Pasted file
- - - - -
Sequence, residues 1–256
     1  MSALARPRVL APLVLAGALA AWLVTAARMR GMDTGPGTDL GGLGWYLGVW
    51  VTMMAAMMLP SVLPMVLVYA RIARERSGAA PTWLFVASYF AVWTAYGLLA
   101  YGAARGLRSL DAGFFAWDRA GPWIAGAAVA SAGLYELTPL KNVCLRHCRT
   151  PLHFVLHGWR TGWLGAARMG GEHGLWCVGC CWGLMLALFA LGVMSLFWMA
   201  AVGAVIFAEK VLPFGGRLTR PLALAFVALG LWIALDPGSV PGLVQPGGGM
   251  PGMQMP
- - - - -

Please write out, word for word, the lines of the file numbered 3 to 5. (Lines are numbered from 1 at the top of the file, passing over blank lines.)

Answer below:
    51  VTMMAAMMLP SVLPMVLVYA RIARERSGAA PTWLFVASYF AVWTAYGLLA
   101  YGAARGLRSL DAGFFAWDRA GPWIAGAAVA SAGLYELTPL KNVCLRHCRT
   151  PLHFVLHGWR TGWLGAARMG GEHGLWCVGC CWGLMLALFA LGVMSLFWMA